Height is measured at the shoulder. Show Shelties must have measurements between 13-16" but generally their size varies, with the majority of Shelties being on the higher end of the range. Their weight range is 25-35lbs, though larger Shelties may weigh more.
|Black Shelties||Black with tan and white markings (tri-color), or with white markings only (bi-black).||Blue Merles||Black and silver dapples (merles), often with black patches, and may have brown, blue or merle eyes which may not match. Bi-blues have no tan markings.|
|White Shelties||Color-headed whites have little white on their heads, but may have a lot of white on the body (collar, cuffs and bib). While too much white may be penalized in the showring, of the two "whites", this variation is much healthier. Double merles have great deal of white on their head and body. They are often deaf or blind in one or both eyes/ears, depending on their markings.||Sable Shelties||Variations of brown and tan, with varying amounts of white markings. Depending on the colors of the top hairs (guard hairs) they may be further broken down into red sables, tri-factored sables, and shaded sables.|
The name Sheltie is a shortened version of Shetland Sheepdog. These diminutive, agile dogs originated in the Shetland Islands, in the mid 1800's to herd sheep and ponies. By the end of the 19th century though, they were already sought after as pets and working dogs by the British. As such, their "breed" was not officially preserved, and their physical characteristics varied widely.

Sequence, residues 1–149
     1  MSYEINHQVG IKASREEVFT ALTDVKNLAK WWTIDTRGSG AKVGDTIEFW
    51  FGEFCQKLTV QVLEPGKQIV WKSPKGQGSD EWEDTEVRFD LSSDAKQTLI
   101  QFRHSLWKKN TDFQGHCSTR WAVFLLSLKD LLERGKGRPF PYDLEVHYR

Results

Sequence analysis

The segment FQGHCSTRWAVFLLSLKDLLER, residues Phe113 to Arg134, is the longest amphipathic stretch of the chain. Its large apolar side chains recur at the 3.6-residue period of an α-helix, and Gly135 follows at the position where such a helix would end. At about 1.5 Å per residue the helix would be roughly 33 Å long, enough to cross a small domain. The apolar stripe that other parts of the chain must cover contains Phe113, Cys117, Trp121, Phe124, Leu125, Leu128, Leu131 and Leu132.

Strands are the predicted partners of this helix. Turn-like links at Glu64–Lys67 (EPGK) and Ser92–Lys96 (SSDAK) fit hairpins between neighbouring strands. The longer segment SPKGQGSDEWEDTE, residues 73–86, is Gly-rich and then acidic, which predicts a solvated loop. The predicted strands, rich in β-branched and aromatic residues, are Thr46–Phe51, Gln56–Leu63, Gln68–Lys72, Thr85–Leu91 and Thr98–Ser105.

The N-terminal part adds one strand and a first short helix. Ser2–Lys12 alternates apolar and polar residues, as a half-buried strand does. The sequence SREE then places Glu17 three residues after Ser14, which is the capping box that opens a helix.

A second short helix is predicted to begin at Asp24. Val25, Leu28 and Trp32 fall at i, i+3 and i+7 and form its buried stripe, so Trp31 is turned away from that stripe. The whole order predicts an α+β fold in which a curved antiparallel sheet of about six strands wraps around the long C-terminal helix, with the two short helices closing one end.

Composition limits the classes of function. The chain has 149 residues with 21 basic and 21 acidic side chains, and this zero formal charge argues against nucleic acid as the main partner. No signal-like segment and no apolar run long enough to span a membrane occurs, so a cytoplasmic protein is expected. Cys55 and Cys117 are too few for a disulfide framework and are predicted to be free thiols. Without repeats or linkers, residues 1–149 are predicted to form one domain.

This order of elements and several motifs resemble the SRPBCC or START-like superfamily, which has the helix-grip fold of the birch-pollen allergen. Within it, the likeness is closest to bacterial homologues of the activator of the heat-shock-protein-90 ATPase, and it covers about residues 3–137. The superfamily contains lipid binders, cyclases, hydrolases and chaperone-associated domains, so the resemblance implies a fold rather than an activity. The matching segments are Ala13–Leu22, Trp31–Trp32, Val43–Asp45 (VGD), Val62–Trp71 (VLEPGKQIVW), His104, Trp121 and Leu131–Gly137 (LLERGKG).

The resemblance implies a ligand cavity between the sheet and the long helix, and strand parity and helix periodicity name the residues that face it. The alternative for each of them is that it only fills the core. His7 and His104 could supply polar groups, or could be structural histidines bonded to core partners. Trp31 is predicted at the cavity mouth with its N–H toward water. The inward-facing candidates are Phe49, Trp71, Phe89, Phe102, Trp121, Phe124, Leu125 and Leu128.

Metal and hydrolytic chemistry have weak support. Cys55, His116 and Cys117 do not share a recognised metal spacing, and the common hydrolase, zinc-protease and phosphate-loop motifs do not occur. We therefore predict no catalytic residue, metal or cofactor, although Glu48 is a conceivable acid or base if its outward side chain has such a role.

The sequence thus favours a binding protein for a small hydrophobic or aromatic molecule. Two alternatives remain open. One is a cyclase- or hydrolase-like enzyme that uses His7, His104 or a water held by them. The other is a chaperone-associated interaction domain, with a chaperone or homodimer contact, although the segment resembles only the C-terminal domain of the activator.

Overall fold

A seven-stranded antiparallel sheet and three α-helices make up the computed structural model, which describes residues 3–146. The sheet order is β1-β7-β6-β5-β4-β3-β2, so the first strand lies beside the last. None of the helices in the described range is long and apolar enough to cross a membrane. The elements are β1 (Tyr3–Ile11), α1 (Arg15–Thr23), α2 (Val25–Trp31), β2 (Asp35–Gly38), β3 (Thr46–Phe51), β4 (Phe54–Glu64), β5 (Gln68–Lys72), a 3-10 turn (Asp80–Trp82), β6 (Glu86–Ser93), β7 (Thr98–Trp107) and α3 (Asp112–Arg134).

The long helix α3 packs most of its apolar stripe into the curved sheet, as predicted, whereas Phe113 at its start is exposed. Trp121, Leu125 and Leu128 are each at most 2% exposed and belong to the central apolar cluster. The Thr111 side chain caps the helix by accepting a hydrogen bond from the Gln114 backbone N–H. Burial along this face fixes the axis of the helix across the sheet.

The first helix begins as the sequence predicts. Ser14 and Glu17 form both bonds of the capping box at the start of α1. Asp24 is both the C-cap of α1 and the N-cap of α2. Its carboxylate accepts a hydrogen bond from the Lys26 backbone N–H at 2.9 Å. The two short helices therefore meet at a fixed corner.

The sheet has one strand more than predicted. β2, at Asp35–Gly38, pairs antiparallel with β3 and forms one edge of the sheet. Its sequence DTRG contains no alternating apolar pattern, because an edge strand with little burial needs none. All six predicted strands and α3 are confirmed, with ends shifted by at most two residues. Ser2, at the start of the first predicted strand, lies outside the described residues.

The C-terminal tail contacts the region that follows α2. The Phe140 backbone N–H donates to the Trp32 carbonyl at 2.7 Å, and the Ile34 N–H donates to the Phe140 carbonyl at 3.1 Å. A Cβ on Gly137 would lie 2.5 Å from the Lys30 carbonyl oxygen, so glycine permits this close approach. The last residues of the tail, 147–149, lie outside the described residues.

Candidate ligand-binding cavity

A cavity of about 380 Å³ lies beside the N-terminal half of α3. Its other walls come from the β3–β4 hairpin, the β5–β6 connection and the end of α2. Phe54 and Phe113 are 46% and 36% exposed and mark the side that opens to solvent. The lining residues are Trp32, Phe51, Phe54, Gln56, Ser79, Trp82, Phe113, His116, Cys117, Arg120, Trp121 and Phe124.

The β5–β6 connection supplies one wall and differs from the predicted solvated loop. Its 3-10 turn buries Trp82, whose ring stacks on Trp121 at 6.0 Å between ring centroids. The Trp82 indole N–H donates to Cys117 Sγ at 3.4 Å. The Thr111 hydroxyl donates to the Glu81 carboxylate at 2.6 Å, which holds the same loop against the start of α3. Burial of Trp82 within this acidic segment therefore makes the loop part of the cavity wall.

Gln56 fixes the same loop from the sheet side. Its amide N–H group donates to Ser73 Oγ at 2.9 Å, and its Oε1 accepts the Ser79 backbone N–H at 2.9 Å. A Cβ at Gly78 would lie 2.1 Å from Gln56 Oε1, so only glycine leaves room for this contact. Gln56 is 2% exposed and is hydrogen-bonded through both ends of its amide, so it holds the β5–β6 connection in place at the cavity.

Eventually they were cross bred with British Collies, resulting in a larger breed which were called Shetland Collies. At the turn of the century, these dogs were officially recognized both by the English Kennel Club, and the American Kennel Club as a true breed, although the standards vary between the two clubs (even today). Shortly thereafter they were given the name Shetland Sheepdog.
Show quality scale of points (according to AKC standards):
Dogs which have heights which exceed the height range, or have brindle coats are disqualified.
|Eyes, ears, expression||5|
|Skull and stop||5|
|Body||Loin, croup, tail||5|
|Chest, brisket, ribs||10|
|Hip, thigh, stifle||10|
|Gait||Smooth, efficient movement at trot||5|
More information on the breed:
HTTP://www.zmall.com/pet_talk/dog-faqs/breeds/shelties.html This is the most comprehensive site you will find for information about the breed itself. It covers the following information: breed history, Shelties today (physical description, temperament), health issues, medications, as well as breed info from other countries. It is also a valuable source of further references (non-virtual).
HTTP://www.dogpatch.org/sheltieq.html Dogpatch has answers to commonly asked questions about the breed. Good reading, good links.
HTTP://www.akc.org/shetshee.htm Read what the American Kennel Club has to offer regarding the breed.
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|This site created by: WEBFeat!!||Last edited: Monday, January 05, 1998|